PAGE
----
5 Italian Hotels That Changed The World

italian hotels

What are two things you’re almost guaranteed to never find a shortage of in Italy? Answer: history and pasta. And the former is sometimes alive in places where you least expect it – such as the Italian hotels where you might find yourself staying during part of your next vacation. As any student of politics or cinema will tell you, hotels have often had a storied role in shaping or otherwise influencing world events.

5 Italian Hotels that Changed the World

1)  Hotel Hassler, Rome

The first hotel of our list, brings us the focal point of so much world history, Rome. From its fabled location on the Piazza Trinità dei Monti overlooking the Spanish Steps, the Hotel Hassler has seen a bumper crop of royals and celebrities come and go (and often, come back) since it opened in 1893. It’s a luxurious aerie from which to contemplate the beauty of the Eternal City – and that’s not all. The setting is also conducive to battle plans and strategic discussions. During World War II, following a restructuring in 1938 (and a temporary renaming by Mussolini), the Hassler served as an American Command headquarters. In happier times, the hotel has hosted the likes of Picasso, the Beatles, and Princess Diana. And rock royalty like Duran Duran (of whom Princess Diana was a fan) have given interviews from the fabulous terrace of the Presidential Suite Penthouse.

2) Palazzo Sasso, Ravello

Let’s go a bit further south to Ravello, a beautiful small town that seems to hover over the Amalfi Coast. One of the most legendary Italian hotels is the palatial Palazzo Sasso, built in the 12th century and built to last. Beauty and drama…it was from here that General Eisenhower planned the pivotal Battle of Monte Cassino in 1944. Today the fully refurbished property has 32 deluxe rooms and 11 suites, most with delicious Mediterranean Sea views.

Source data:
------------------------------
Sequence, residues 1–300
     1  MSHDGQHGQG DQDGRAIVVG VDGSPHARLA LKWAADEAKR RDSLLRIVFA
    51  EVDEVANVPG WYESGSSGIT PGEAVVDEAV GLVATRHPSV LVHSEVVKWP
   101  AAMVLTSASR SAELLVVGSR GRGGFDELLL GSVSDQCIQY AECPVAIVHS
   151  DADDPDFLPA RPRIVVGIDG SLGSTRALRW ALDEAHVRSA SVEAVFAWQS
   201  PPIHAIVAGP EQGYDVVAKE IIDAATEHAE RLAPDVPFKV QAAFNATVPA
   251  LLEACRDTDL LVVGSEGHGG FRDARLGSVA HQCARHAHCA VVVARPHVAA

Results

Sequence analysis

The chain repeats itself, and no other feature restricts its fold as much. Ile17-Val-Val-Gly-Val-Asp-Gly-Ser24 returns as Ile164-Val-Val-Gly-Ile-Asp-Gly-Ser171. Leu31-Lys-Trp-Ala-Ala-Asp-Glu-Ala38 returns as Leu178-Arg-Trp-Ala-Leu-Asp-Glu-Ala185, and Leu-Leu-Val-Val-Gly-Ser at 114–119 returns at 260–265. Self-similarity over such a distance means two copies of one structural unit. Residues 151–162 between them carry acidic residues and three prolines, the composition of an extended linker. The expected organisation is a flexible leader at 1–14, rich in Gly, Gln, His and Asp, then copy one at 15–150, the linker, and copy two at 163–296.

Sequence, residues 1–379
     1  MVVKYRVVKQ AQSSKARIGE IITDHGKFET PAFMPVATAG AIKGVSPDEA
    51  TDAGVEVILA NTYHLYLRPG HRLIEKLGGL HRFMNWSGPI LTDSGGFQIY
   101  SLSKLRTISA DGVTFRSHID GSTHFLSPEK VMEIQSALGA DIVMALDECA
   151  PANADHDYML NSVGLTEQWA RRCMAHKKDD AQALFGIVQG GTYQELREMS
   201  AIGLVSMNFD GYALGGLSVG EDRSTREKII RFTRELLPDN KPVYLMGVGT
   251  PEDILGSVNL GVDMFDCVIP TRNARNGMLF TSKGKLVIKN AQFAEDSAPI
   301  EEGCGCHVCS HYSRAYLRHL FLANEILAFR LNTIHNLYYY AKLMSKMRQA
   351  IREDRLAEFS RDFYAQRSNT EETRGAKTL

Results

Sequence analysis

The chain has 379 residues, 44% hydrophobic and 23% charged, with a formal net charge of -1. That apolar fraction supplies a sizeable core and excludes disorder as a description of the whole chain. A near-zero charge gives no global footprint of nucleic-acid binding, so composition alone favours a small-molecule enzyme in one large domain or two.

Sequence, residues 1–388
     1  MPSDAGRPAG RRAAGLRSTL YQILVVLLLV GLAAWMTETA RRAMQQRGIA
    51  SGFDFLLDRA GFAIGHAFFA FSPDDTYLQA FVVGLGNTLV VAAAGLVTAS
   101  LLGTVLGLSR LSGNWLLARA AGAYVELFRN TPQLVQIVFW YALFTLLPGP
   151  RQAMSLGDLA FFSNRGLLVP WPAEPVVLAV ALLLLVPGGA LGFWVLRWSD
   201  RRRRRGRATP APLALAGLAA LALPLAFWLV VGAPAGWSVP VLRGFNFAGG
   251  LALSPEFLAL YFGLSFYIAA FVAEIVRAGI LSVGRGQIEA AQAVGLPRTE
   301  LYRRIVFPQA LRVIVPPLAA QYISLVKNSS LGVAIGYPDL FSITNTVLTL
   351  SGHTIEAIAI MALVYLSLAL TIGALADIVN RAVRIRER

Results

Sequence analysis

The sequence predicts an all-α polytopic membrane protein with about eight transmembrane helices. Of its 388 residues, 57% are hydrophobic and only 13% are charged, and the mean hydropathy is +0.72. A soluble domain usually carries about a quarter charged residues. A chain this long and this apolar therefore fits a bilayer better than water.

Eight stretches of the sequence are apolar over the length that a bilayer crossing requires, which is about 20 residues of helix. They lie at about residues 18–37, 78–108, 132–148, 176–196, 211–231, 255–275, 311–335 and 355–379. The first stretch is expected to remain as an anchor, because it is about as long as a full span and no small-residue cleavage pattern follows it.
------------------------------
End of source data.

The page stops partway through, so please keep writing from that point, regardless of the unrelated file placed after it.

3) Villa Feltrinelli, Gargnano

Circling back up north, we come to the Hotel Villa Feltrinelli, which like the Palazzo Sasso was not always a hotel. This neo-Gothic mansion was built on the shore of Lake Garda in 1892 for the wealthy Feltrinelli family. The eclectic architectural style may not appeal to everybody, but this latter-day bastion of luxury regularly appears near the top of many publications’ world’s best hotel lists. As far as lakeside loveliness goes, it’s hard to find much lovelier. And the villa provided a nice cage indeed for Mussolini, who was detained here in the 1943-1945 period after the villa had been requisitioned by the Nazis. Goodness knows how much more trouble he could have stirred up had the fascist not been holed up in what is now a full-service hotel with 21 gleaming suites and loads of precious antiques.

4) Hotel Cipriani, Venice

Moving east, who wouldn’t stop to pay their respects to the Queen of the Adriatic, Venice? The lagoon city is home to the legendary Hotel Cipriani, located a short boat ride across from Piazza San Marco, on the tip of the island of Giudecca. From Simon Le Bon to Elton John, there’s hardly a famous name in show business that hasn’t appeared in the hotel’s Golden Book. From Martin Scorsese to Clint Eastwood, to Al Pacino, Orlando Bloom and even Mikhail Gorbachev, movers and shakers of the world have alighted here since the hotel opened in 1958. The Olympic-sized swimming pool, filled with filtered sea water, is as legendary as the flawless setting.

5) Grand Hotel Tremezzo, Lake Como

This dispatch would not be complete without mention of a fifth Italian hotel that changed the world, in a quiet but also indelible way: the epic Grand Hotel Tremezzo, on the shore of Lake Como. As far as classic European hotels go, this one is a beauty – etched in history not only by the spectacular location, but by one of the most famous acting legends of all time: Greta Garbo. At the end of the classic film Grand Hotel, a Hollywood blockbuster in 1932, Garbo’s character intones, “It’ll be sunny in Tremezzo!” Well, rain or shine, this Art Nouveau grand hotel sets a standard for luxury and true Italian sense of place. The view over Lake Como from the Greta Suite is incomparable – like Garbo herself, and like Italy.

Which of these Italian hotels would you stay at?



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